the period 1718-1720.
Twin towns – sister cities
Azuchi, Japan, 2005
Madison, Wisconsin, United States, 2001
Weingarten, Germany, 1998
Pushkin, Russia, 1993
Charleville-Mézières, France, 1963
Nevers, France, 1963
Marcus Antonius Antimachus (c. 1473 – 1552), pioneer of Renaissance
Greek language teaching
Giovanni Battista Bertani
Giovanni Battista Bertani (1516–1576), architect
Giacomo Benefatti (1304 – 1332), Roman Catholic Bishop
Constanzo Beschi, (8 November 1680 – 1742), a well known Tamil poet.
He is known as Vīramāmunivar in Tamil.
Baldassare Castiglione by
Raphael at Louvre-Lens.
Baldassare Castiglione (Italian pronunciation: [baldasˈsaːre
kastiʎˈʎoːne]; December 6, 1478 – February 2, 1529), count of
Casatico, was an Italian courtier, diplomat, soldier and a prominent
Gino Fano (1871–1952), mathematician.
Leone de' Sommi (c. 1525 – c. 1590), theater director and writer.
Pietro Giovanni Guarneri (1655–1720), violin maker of the Guarneri
Cremona in 1679, eventually establishing himself in
Learco Guerra (1902–1963), professional road racing cyclist, in 1931
won the world cycling championship.
Alfredo Guzzoni (1877–1965), Italian Army General in World War II
Alberto Jori, neo-aristotelian philosopher.
Lovers of Valdaro
Claudio Monteverdi (c. 1567 – 1643), composer.
Tazio Nuvolari (1892–1953), motorcycle and racecar driver.
Ippolito Nievo (1831–1861), writer, journalist and patriot.
Giancarlo Pasquini (1963–), musician and singer
Pietro Pomponazzi (1462–1525), an Italian philosopher. He is
sometimes known by his
Latin name, Petrus Pomponatius.
Samuel Romanelli (1757-1814),
Jewish intellectual and travel writer
who published the first modern ethnography of Moroccan Jewry
Salamone Rossi (ca. 1570 – 1630),
Jewish violinist and composer who
served as concertmaster of the
Mantua court from 1587 until 1628.
Giuseppe Sarto (1835–1914), appointed
Bishop in 1884 before he
became Pope Pius X in 1903.
Stefano Scarampella (1843–1925), violin maker, left
Mantua in 1886.
Sordello or Sordel, a 13th-century Lombard troubadour, born in the
Goito in the province of Mantua.
Franca Sozzani, editor-in-chief at
Vogue Italia was born here.
Virgil (70 BCE–19 BCE), a classical Roman poet.
Romeo Montague was banished here.
Giuseppe Verdi's opera,
Rigoletto is set here.
Roman Catholic Diocese of Mantova
Tazio Nuvolari "The flying Mantuan" World-famous racing driver. There
is a museum dedicated to his exploits.
St. Aloysius Gonzaga
St. Aloysius Gonzaga Jesuit, native of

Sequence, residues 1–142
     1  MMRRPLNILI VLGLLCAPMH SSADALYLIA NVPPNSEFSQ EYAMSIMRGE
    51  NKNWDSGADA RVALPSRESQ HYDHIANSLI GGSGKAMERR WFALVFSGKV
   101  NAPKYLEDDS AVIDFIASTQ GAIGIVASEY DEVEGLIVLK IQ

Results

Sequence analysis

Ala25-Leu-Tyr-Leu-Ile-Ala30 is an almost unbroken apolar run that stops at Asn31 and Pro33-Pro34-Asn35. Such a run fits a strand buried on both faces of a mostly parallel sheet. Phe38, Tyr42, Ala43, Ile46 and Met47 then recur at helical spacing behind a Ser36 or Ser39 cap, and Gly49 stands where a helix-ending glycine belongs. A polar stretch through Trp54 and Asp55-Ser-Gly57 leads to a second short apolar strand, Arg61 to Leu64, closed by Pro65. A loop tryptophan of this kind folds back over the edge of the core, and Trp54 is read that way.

Mantua – died in 1591 at the
age of 23.
Lovers of Valdaro
^ Fagles, Robert, ed.: The Aeneid (2006), 10.242, Penguin Group,
^ Lucchini, Daniele: Rise and fall of a capital. The history of Mantua
in the words of who wrote about it (2013), ISBN 978-1-291-78388-9
^ Conte, Gian Biagio. Trans. Joseph B. Solodow
Latin Literature: A
History Johns Hopkins University Press, 1994.
^ Henry S. Lucas, The
Renaissance and the Reformation (Harper &
Bros. Publishers: New York, 1960) pp. 42-43.
^ Dates of birth and death, and cause of the latter, from
‘Baldassarre Castiglione’ Archived 2009-05-27 at WebCite, Italica,
Rai International online.
^ MacClintock, Carol (1979). Readings in the History of Music in
Performance. Indiana University Press. ISBN 0-253-14495-7.
See also: Bibliography of the history of Mantua
Wikimedia Commons has media related to Mantua.
Wikivoyage has a travel guide for Mantua.
Palazzo Te (in Italian)
Palazzo Ducale (in Italian)
A Mantova To know and to see Mantua
Mantua tourist guide
Mantua tourist guide
Tourist guide in
Mantua A native guide from Mantua
Mantovani Nel Mondo Page dedicated to Mantovani worldwide.
Photo gallery made by a
Mantua on The Campanile Project
Lombardy · Comuni of the Province of Mantua
Acquanegra sul Chiese
Bagnolo San Vito
Borgofranco sul Po
Carbonara di Po
Castiglione delle Stiviere
Gazoldo degli Ippoliti
Ponti sul Mincio
San Benedetto Po
San Giacomo delle Segnate
San Giorgio di Mantova
San Giovanni del Dosso
San Martino dall'Argine
Serravalle a Po
World Heritage Sites in Italy
Mantua and Sabbioneta
Monte San Giorgio1
Porto Venere, Palmaria, Tino and Tinetto, Cinque Terre
Monterosso al Mare
Residences of the Royal House of Savoy
Castle of Moncalieri
Castle of Racconigi
Castle of Rivoli
Castello del Valentino
Royal Palace of Turin
Palazzo Madama, Turin
Palace of Venaria
Palazzina di caccia of Stupinigi
Villa della Regina
Rhaetian Railway in the Albula / Bernina Landscapes1
Rock Drawings in Valcamonica
Sacri Monti of Piedmont and Lombardy
Santa Maria delle Grazie, Milan
Vineyard Landscape of Piedmont: Langhe-
Roero and Monferrato
Torre della Ghirlandina
Torre della Ghirlandina and Piazza Grande, Modena
Orto botanico di Padova
City of Vicenza and the Palladian Villas of the Veneto
Basilica of Saint Francis of Assisi
Etruscan Necropolises of
Cerveteri and Tarquinia
Piazza del Duomo, Pisa
Castel del Monte, Apulia
Vallo di Diano
Vallo di Diano National Park,
Paestum and Velia, Certosa
Oplontis and Villa Poppaea
Palace of Caserta,
Aqueduct of Vanvitelli
Aqueduct of Vanvitelli and
San Leucio Complex
Sassi di Matera
Arab-Norman Palermo and the Cathedral Churches of Cefalù and Monreale
Archaeological Area of Agrigento
Syracuse and Necropolis of Pantalica
Val di Noto
Militello in Val di Catania
Villa Romana del Casale
Longobards in Italy, Places of Power (568–774 A.D.)
Cividale del Friuli
Temple of Clitumnus
Temple of Clitumnus located at Campello sul Clitunno
Santa Sofia located at Benevento
Sanctuary of Monte Sant'Angelo
Sanctuary of Monte Sant'Angelo located at Monte Sant'Angelo
Prehistoric pile dwellings around the Alps3
Primeval Beech Forests of Europe4
Venetian Works of Defence between 15th and 17th centuries5
Peschiera del Garda
1 Shared with Switzerland
2 Shared with the Holy See
3 Shared with Austria, France, Germany, Slovenia, and Switzerland
4 Shared with Albania, Austria, Belgium, Bulgaria, Croatia, Germany,
Poland, Romania, Slovakia, Slovenia,
Spain and Ukraine
5 Shared with
Croatia and Montenegro